> Linux uses all available more for caching of filesystems. When copying large
> files to slow network filesystems (nfs, smb, sshfs, davfs) it takes a long
> time until such allocated memory becomes free. When these network
> filesystems saturate memory linux becomes very unresponsive. It can take
> minutes to start applications.
> Is there a way to limit memory usage of network filesystems?

I can think of two, but both might require a bit of coding:

 - open(2) the target file(s) with O_DIRECT or maybe O_SYNC.
   I don't think cp(1) has that as an argument though. 
   And few remote filesystems support a sync flag...

 - rate limit the file transfer - in other words issue
   the write(2) calls at a pace which matches the bandwidth
   available. Again, I don't believe standard cp(1) has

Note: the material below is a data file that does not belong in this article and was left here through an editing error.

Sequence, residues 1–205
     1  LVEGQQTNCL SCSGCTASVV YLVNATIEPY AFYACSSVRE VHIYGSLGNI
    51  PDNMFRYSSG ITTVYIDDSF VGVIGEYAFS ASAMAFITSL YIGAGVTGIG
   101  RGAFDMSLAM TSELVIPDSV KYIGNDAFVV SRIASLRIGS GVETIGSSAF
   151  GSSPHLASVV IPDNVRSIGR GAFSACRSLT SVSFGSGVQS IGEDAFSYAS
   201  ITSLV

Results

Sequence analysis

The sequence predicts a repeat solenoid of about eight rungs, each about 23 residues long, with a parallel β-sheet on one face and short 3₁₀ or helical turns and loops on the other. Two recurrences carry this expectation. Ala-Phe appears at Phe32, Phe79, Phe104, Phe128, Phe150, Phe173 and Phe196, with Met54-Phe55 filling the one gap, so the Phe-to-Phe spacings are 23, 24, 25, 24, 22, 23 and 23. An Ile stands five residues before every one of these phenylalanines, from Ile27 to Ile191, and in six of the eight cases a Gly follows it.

that feature. If it were me I would use the double
   tar trick, but write a rate-limiting pipe program
   to fit between them:

   tar -c -C /home/source -f- . | pipelimit -r 2M | tar -xv -C /mnt/target -f-

   where a simple pipelimit looks like:

     result = read(STDIN_FILENO, buffer, BUFFER_SIZE);
     write(STDOUT_FILENO, buffer, result);

Conventional unix/linux assumes that filesystems are "fast", and 
one doesn't have to worry about the link properties/bandwidth to
the disk - you are bumping your head against that assumption


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